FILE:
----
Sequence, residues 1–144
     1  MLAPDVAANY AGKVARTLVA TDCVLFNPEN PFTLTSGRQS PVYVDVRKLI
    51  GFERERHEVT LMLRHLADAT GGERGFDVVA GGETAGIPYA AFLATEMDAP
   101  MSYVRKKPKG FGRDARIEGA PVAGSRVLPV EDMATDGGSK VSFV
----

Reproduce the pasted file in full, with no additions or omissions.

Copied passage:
Sequence, residues 1–144
     1  MLAPDVAANY AGKVARTLVA TDCVLFNPEN PFTLTSGRQS PVYVDVRKLI
    51  GFERERHEVT LMLRHLADAT GGERGFDVVA GGETAGIPYA AFLATEMDAP
   101  MSYVRKKPKG FGRDARIEGA PVAGSRVLPV EDMATDGGSK VSFV